Karla's Reviews > Angel in Scarlet
by Jennifer Wilde, T.E. Huff
bookshelves: historical-romance, theatre, bodice-ripper, actors-and-actresses, cover-artists-elaine-duillo, did-not-finish, bataan-death-march-of-boring, grammar-and-technical-malfeasance
Wilde's somewhat of a better author than Lindsey. He can describe a scene better, even though it veers more towards a bland checklist of what's in the picture than a real evocation of it. His characters are a bit deeper and less annoying, but not by much. Whereas Lindsey has her heroes and heroines flail around like schizophrenics, Wilde keeps his characters on an even keel, not really varying the tone of his scenes (except the sex, where the prose sails into the purple stratosphere). Their inner thoughts might be explored more (thanks to his use of the 1st person POV), but despite all the pages upon pages to produce a growing character, the heroines have remained remarkable static and monochrome. Angie Howard started out strong, but she didn't grow at all - even though she went through significant emotional turmoil in those first 200 pages.
I did like the #1 hero Hugh - a broody bastard with a chip on his shoulder - but it simply wasn't enough to keep me hooked to stay with it over the long haul. I lost patience with the lack of plot, the lack of character development, and the damn run-on sentences. When Wilde wants to convey action, he forgets about that thing called "the period" and just throws in a bunch of "and"s and commas. You could pass out if you read them aloud. It'd be one thing if the sentences were interesting and ornate, but it's more along the lines of "and then he grabbed me and I felt faint and he kissed me, his lips hard against mine, and I felt the blood rush to my head and then..." Arrgh. Shoot me. D:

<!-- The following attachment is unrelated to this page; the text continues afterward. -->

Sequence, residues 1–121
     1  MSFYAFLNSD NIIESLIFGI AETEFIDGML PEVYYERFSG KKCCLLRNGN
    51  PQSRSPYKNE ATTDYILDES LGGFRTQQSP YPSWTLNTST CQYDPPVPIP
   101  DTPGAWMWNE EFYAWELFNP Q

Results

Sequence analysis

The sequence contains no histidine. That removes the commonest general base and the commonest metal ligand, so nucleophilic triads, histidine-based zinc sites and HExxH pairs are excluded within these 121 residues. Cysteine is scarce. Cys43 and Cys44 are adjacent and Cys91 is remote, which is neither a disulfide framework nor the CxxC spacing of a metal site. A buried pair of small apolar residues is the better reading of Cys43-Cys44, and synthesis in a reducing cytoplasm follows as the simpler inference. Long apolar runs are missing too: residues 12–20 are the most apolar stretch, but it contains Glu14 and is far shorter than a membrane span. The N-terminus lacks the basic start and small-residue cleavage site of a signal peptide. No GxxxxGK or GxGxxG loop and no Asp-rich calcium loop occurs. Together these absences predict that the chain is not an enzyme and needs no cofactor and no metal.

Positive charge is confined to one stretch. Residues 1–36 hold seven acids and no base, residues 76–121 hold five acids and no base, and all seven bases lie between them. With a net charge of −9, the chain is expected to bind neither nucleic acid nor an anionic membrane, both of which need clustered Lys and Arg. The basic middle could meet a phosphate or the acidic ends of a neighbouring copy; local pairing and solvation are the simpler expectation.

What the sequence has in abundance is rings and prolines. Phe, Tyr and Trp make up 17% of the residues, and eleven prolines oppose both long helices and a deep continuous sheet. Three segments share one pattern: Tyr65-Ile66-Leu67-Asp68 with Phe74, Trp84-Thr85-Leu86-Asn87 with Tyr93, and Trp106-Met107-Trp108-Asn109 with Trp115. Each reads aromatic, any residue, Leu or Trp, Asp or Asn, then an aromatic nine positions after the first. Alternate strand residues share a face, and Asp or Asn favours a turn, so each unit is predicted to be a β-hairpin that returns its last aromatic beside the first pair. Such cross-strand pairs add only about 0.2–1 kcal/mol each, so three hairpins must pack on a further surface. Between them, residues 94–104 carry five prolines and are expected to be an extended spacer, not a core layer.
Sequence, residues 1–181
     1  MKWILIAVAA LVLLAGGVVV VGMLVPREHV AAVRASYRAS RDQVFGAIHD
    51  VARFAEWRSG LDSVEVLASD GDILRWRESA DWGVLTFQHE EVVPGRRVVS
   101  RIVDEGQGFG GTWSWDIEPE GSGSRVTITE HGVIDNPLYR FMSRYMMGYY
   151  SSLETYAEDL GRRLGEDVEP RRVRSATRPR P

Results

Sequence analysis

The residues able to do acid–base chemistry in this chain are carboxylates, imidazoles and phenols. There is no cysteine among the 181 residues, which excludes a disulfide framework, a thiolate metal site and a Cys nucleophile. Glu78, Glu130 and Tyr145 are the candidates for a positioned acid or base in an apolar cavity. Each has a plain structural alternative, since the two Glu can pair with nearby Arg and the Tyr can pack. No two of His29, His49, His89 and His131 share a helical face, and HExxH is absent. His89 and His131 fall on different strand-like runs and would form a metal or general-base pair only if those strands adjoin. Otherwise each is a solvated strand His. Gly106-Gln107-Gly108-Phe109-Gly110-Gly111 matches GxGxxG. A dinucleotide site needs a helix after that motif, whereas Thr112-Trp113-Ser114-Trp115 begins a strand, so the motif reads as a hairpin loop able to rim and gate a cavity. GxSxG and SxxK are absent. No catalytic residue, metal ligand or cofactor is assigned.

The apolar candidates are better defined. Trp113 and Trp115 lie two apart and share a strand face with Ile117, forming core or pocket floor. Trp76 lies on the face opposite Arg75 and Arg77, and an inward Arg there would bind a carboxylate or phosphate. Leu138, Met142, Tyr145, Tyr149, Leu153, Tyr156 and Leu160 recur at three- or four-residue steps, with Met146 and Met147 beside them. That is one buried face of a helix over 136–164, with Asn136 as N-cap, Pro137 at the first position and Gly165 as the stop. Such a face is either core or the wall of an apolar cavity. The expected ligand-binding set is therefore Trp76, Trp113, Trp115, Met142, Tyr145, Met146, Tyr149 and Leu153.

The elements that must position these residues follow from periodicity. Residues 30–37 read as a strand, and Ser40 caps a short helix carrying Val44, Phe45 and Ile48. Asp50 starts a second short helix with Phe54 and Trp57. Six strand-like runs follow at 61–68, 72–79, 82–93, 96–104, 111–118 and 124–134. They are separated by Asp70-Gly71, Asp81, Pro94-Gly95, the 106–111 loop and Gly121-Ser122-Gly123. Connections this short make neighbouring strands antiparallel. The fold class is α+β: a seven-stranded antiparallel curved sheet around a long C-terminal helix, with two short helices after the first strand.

Wilde also writes to a template: multiple heroes, no real plot, a meandering linear path of the heroine, name-dropping, and a fill-in-the-blanks form for hair and costume that gets trotted out whenever someone shows up in a scene. The repetition was noticeable in Dare To Love and drove me nuts. I was hoping that it was an early book and therefore kind of rough in the writing department.
Nope. It's still here. And just as obnoxious.
||2.0%||"I'm enjoying Angie's voice far better than Carlotta's in Dare To Love. Yay, because I didn't want Wilde to be a total author fizzle." 10 comments|
||14.0%||"I've gotten down the whole "skim over the mandatory boring costume porn paragraph" as soon as I see it. Worst flaw of Wilde's IMO. But the rest is good. I like Angie's interaction with her dad, and the bitchy stepsisters." 12 comments|
"I swallowed, AND then the darkness swallowed me AND I tossed AND turned AND my hair was wet AND my chemise was soaked AND I opened my eyes AND saw Solonge standing at the side of my bed, all blurry, standing in the haze, AND then I was dry AND shivering AND there were covers over me AND I tossed them off AND cried out AND opened my eyes again AND saw Father.
I feel like I'm reading "legolas by laura." O__o" 9 comments
"And with this, I bid this book adieu...
I stiffened and tried to pull away and his fingers tightened on the back of my neck and he curled his other arm around my waist and drew me up against him and held me tightly and his body was strong and muscular and warm and the contact caused me to shudder and again I tried to pull away and he chuckled, holding me fast, and then he tilted his head and kissed me and... (cont)" 10 comments